Sean Carroll Urges Physicists to Stop Saying Stupid Things About Philosophy…

here, and it is a much needed exhortation!

I’ve seen way too much stupidity coming from non-philosophers (often physicists, but I don’t think there’s anything symptomatic going on here stemming from the nature of physics as a discipline), somehow imagining themselves to understand what philosophy is while displaying a complete lack of understanding regarding the kinds of questions posed by actual academic philosophers as well as a mindbogglingly naive conception of some sort of magical boundary separating “actual empirical findings” from “mere intellectual speculation”. As if philosophy of physics, for example, was not continuous with physics; as if philosophy of language was not continuous with linguistics; as if philosophy of mind was not continuous with neuroscience; and on and on.

There is no easy way to characterize philosophy (just as there is no easy way to characterize science) but what is absolutely clear just from looking a philosophical practice is that philosophy is not a collection of subjects separate from the subjects studied by scientists (or others for that matter). The general difference being that clear examples of pure science consist in empirical investigations trying to answer questions about quantifiable phenomena whereas clear examples of pure philosophy consist in logical analysis of concepts found in science and elsewhere. Clearly, much of scientific theory building involves conceptual analysis and questions regarding “what all these findings really mean” apart from the quantifiable measurements. The debate over the correct interpretation of quantum physics strikes me as a prime example of scientific findings necessitating such philosophical exploration. To suggest that while science can lead to knowledge about the workings of the world while philosophy has nothing to contribute, is tantamount to saying that there is some fixed border between those investigations that rely solely on empirical findings (as if such a thing were possible) and those that also try to figure out how to interpret such findings, what such findings mean for the understanding of other findings, what to say about the ontology (which kinds of things exist) of the subject matter given that the findings suggest the existence of some sort of phenomenon (is the phenomenon in question merely a methodological tool, only existing in the theoretical constructs, or does it actually exist as a somehow observable entity? and do such distinctions even make sense?). Trying to establish such demarcations and trying to use them to legitimize science while delegitimizing philosophy is naive, simplistic and displays a complete lack of understanding of the nature of philosophy and the necessity of philosophical analysis for the understanding of scientific findings as well as postulated phenomena not yet (or perhaps ever) under the purview of empirical investigation.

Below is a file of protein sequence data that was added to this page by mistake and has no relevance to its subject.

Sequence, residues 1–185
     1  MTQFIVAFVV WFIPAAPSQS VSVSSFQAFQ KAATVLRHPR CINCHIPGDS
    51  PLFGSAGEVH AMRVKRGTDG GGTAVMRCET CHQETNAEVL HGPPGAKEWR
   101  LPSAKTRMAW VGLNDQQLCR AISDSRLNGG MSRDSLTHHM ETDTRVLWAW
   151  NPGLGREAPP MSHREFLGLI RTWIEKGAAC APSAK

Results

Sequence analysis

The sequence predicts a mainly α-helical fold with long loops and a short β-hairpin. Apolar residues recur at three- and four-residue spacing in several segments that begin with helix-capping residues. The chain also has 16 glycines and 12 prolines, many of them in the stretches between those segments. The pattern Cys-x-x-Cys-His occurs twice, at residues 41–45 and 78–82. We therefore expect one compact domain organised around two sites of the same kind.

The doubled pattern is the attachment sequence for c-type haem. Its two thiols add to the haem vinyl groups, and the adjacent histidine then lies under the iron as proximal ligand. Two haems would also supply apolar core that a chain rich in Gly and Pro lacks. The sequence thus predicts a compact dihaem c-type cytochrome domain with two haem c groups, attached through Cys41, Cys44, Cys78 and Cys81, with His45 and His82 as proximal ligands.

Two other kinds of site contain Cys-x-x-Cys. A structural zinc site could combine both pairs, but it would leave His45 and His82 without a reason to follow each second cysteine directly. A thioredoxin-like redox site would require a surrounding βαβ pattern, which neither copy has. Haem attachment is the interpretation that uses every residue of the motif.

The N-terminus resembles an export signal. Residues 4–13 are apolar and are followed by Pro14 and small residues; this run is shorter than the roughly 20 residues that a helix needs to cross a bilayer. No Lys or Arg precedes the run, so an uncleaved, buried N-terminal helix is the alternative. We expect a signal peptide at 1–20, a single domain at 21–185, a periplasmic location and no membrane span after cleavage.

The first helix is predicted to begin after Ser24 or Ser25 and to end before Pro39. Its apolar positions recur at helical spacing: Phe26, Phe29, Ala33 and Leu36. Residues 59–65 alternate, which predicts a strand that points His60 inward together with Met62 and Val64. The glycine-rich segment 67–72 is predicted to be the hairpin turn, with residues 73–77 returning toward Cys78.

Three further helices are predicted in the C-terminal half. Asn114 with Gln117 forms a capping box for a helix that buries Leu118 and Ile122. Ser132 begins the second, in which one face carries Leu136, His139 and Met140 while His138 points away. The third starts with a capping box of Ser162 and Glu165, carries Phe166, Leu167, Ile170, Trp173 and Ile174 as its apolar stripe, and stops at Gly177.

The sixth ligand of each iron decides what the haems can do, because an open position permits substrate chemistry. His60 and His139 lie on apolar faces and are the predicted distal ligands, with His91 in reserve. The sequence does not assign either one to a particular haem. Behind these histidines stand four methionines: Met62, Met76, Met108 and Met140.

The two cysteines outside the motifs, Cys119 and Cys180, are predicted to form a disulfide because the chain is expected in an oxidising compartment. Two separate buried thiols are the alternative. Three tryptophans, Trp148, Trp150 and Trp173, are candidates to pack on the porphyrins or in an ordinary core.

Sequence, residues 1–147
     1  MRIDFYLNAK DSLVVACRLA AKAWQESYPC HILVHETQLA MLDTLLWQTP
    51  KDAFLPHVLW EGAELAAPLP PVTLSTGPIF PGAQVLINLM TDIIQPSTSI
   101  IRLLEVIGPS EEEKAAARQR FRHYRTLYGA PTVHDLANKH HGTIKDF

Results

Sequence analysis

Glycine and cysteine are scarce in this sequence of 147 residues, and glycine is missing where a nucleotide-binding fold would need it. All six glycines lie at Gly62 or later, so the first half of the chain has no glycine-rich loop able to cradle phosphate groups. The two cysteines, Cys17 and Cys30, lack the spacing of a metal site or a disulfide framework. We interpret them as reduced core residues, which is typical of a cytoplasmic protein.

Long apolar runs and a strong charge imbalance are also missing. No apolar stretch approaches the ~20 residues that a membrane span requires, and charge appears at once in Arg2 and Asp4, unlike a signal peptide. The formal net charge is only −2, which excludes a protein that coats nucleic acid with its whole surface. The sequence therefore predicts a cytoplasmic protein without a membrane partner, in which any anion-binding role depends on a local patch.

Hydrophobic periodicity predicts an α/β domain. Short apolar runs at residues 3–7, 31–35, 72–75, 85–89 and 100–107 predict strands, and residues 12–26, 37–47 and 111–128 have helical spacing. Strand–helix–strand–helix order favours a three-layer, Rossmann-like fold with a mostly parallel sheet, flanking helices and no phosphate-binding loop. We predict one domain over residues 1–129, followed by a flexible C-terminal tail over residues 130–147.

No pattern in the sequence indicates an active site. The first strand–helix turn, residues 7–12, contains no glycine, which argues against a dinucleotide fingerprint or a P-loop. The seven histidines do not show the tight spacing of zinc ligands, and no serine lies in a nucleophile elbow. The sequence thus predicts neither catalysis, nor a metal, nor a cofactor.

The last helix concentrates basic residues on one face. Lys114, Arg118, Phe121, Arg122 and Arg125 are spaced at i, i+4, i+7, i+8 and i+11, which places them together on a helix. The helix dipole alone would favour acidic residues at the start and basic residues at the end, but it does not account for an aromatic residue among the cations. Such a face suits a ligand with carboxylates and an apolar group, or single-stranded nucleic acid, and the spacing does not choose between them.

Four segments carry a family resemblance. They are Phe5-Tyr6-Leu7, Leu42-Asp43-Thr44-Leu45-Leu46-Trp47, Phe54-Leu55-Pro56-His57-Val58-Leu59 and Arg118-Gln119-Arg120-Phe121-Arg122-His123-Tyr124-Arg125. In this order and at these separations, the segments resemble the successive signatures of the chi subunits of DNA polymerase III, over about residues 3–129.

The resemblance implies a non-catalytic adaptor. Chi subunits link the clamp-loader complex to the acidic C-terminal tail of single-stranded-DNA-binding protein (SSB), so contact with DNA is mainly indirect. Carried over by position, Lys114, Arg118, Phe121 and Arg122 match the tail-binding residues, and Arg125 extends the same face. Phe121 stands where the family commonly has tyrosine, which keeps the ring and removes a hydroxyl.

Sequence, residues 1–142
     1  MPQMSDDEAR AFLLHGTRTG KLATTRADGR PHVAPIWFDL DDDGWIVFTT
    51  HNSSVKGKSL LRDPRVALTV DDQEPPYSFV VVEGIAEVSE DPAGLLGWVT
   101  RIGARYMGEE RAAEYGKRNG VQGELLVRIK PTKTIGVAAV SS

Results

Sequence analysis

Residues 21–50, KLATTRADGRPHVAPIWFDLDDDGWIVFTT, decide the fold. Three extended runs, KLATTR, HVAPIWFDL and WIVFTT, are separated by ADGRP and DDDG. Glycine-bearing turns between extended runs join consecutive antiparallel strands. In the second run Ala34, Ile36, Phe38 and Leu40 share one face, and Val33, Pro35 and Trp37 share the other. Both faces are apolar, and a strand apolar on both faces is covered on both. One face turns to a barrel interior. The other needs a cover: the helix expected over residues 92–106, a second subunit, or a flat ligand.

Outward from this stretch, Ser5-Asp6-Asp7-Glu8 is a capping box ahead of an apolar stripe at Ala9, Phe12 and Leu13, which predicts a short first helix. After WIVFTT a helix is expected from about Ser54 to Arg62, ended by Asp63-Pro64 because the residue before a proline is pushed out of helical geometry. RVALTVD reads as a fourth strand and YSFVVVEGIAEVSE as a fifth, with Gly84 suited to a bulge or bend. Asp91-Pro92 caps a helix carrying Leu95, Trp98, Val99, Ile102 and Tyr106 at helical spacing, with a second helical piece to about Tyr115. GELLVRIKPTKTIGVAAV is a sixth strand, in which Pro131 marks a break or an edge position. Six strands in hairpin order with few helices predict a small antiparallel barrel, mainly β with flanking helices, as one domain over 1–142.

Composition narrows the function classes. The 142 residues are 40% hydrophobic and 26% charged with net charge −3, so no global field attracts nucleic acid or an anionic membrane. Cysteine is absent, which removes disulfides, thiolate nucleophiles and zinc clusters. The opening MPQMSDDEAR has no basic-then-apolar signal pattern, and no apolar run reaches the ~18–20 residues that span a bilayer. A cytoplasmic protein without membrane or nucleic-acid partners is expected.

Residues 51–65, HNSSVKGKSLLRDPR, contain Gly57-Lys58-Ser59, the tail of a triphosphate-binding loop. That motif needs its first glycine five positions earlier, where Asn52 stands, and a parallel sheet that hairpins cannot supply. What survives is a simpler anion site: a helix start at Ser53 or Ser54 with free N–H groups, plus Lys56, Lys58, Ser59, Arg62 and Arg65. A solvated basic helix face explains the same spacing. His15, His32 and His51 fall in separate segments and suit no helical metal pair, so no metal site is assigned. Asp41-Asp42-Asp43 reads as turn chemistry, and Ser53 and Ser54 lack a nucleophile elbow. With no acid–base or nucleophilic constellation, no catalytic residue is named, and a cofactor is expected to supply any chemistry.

And this is nothing more than an answer to the ludicrous claim that philosophy of science (and the fields of philosophy of physics, philosophy of biology, et al.) has nothing to contribute to science. The general answer to “why do philosophy” is the same as the one given by the mathematician working on abstract algebra, category theory, the foundations of mathematics, or any other area not immediately usable for practical purposes: it’s a fun thing to explore if that’s your thing. Some people like to look at algebras as mathematical structures and prove theorems about their properties, some people enjoy trying to find out the relationship between arithmetic and logic by building a theory of the former using the latter, and some people like to work on the definitions of concepts such as truth and reference, knowledge, consciousness, values, or really any abstract concept. Exploring such things has a value in itself and anyone agreeing that these concepts name actually existing phenomena in the world has to also agree to this and can not cling to their idea of philosophy as a useless enterprise by claiming that such explorations need be thoroughly empirical, without a hint of conceptual analysis, all the way down in order to be legitimate. Guess what? Conceptual analysis and interpretation of findings is essential to understanding the mechanics of the world, and such things are under the purview of philosophy. Dismiss all conceptual analysis or accept the inevitability of philosophy. Those are your choices.

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